theme. The film captures the current Iraqi war flavor as we see that the Americans have taken over the land and turned London into sectors, including its own “Green Zone” much as exists in real life Baghdad. Soldiers patrol the perimeter sluggishly, since as far as they know, the threat has been contained, and they are now a part of the reintegration project, which means the reintroduction of survivors into London and the rebuilding of society once the decaying bodies of the infected, the rats, and the wild dogs are cleared away. Among the militia is the team of foot-soldier/sniper Doyle (Jeremy Renner; Take) and his helicopter pilot/buddy in the sky, Flynn (Harold Perrineau of tv’s “Lost”) who guides and protects Doyle through any number of rescue missions in the following hour or so when things go wrong. Terribly, terribly wrong.

The action is non-stop, and the gore levels are high in
28 Weeks Later, but that is to be expected in a war, and this is really a war movie more than anything else. The enemy is purposely kept silent (save a few grunts and howls), and their movements are jerky and oddly super-fast and non-human enough to make them scarily different from us even though they are us. They are also, for the most part left anonymous, except in a few important instances when the transformation from “normal” to “zombie” (I hate calling them that because, as a purist, I know that they are not actually dead until someone ~ hopefully ~ kills them) is integral to the plot itself.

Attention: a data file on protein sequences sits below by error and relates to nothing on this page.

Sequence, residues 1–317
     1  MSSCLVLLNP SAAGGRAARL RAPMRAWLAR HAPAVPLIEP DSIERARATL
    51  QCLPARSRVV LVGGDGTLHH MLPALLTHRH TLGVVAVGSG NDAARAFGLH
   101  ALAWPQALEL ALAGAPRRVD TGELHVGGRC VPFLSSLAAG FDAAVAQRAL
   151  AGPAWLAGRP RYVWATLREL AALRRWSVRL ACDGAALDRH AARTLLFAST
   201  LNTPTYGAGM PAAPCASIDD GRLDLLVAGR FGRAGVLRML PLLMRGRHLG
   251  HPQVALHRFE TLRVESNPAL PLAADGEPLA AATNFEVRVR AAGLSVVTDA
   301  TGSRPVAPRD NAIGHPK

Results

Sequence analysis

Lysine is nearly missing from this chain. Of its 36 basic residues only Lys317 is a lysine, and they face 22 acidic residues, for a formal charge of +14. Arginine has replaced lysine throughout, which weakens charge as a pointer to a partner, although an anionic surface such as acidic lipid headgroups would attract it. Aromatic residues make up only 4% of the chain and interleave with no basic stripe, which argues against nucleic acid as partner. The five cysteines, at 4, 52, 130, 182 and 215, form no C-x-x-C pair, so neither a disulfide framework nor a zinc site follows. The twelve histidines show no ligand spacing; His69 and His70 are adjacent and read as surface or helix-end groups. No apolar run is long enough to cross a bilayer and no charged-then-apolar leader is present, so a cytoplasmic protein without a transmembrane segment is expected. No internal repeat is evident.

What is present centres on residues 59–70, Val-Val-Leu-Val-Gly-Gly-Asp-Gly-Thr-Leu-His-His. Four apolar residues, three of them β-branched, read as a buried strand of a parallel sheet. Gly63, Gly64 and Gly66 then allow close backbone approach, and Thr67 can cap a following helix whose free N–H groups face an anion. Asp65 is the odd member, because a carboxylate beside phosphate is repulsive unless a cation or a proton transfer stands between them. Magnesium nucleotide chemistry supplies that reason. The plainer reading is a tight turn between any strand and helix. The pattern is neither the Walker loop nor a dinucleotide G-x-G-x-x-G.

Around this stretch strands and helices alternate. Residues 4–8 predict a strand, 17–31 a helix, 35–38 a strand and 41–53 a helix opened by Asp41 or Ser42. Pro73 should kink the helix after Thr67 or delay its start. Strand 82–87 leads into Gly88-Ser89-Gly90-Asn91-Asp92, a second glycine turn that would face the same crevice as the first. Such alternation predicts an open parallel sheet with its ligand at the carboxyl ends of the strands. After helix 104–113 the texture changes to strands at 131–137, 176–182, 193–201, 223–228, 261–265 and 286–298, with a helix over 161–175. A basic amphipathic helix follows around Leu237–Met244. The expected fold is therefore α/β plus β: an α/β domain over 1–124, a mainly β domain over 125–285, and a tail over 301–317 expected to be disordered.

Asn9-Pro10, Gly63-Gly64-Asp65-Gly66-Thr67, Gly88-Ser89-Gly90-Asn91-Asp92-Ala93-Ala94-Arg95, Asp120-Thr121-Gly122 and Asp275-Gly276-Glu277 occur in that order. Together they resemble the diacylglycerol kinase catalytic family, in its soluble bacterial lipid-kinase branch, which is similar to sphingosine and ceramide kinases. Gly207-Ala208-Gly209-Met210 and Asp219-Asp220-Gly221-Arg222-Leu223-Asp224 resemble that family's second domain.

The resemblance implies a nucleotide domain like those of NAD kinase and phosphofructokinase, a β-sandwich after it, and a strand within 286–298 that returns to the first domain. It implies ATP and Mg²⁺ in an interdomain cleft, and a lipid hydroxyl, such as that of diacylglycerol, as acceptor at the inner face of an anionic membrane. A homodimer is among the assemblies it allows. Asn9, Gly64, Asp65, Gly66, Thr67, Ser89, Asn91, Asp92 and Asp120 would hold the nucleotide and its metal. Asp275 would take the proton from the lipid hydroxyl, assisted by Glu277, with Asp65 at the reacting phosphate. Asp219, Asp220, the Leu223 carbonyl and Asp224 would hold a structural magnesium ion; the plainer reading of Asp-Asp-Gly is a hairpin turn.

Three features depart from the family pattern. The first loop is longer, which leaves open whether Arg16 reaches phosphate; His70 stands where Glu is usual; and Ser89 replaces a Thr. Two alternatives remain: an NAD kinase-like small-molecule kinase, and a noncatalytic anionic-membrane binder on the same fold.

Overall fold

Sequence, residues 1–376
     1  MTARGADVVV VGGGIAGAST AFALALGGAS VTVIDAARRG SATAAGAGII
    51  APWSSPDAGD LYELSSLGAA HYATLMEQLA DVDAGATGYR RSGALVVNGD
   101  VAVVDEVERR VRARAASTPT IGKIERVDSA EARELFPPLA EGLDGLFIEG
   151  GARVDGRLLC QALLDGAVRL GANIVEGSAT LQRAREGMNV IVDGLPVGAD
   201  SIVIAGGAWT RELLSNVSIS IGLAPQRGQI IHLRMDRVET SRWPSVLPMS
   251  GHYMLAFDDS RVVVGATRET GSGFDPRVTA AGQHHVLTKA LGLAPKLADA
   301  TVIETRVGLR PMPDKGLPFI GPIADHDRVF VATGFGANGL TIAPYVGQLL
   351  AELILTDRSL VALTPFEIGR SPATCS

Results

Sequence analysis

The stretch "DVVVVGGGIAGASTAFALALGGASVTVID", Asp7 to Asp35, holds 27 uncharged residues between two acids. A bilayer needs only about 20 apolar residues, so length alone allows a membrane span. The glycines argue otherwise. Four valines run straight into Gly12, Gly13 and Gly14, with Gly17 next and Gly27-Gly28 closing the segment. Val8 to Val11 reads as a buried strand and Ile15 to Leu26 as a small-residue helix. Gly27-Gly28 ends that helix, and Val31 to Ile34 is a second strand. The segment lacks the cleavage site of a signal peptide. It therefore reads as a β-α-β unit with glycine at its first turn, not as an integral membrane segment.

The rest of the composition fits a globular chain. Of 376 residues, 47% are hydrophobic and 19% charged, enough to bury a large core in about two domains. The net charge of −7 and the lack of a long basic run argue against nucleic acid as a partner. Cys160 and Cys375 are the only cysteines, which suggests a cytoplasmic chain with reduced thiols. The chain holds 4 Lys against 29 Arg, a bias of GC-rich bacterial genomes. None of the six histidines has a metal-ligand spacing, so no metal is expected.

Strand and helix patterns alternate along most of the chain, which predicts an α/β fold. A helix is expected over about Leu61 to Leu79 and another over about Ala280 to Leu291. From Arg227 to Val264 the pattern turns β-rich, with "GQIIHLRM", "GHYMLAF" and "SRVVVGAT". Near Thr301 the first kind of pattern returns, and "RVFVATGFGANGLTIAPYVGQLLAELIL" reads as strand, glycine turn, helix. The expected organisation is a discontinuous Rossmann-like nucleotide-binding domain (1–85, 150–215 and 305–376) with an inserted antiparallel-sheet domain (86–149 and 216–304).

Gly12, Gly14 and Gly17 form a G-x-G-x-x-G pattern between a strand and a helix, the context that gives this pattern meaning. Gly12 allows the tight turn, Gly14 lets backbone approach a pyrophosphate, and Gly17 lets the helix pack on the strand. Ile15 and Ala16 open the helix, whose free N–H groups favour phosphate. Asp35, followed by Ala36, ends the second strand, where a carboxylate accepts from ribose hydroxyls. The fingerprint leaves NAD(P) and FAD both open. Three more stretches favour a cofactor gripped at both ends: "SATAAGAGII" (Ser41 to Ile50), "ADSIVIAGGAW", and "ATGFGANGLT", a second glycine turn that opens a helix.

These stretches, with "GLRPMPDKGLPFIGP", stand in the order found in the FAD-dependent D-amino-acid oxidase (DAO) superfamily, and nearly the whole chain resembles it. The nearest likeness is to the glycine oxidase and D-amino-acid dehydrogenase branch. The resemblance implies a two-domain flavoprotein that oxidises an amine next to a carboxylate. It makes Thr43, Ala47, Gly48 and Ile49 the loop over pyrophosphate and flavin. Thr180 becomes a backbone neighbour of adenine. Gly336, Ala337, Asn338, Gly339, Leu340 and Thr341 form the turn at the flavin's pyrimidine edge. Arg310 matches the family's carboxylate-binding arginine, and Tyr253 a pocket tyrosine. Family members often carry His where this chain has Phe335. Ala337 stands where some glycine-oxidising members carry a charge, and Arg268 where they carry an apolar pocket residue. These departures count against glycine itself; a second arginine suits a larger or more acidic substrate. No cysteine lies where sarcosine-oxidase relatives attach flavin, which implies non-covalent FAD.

There is, in fact, a glimmer of hope offered in
28 Weeks Later, as medical officer Scarlet (Rose Byrne; Sunshine), discovers a possible natural immunity to the virus circulating in the veins of a couple of children amongst the survivors, but keeping them safe proves harder than she or Doyle ever imagined, and herein lies a major plot point of the second half of the movie as Doyle bravely does what he can to protect these kids and get them to safety as London is once again overtaken by the diseased killers.

I guarantee that by the end of the film’s 99 minutes you’ll be exhausted since you’ll feel like you’ve been on the run for the entire time. As a matter of fact, I think I’ll see it again tomorrow and then I can say I’ve gone running for over three hours this week. Damn! Who knew I was so athletic? Do yourself a favor and run on down to the
Essex Cinemas and join my fitness regime and see what 28 Weeks Later can do for you.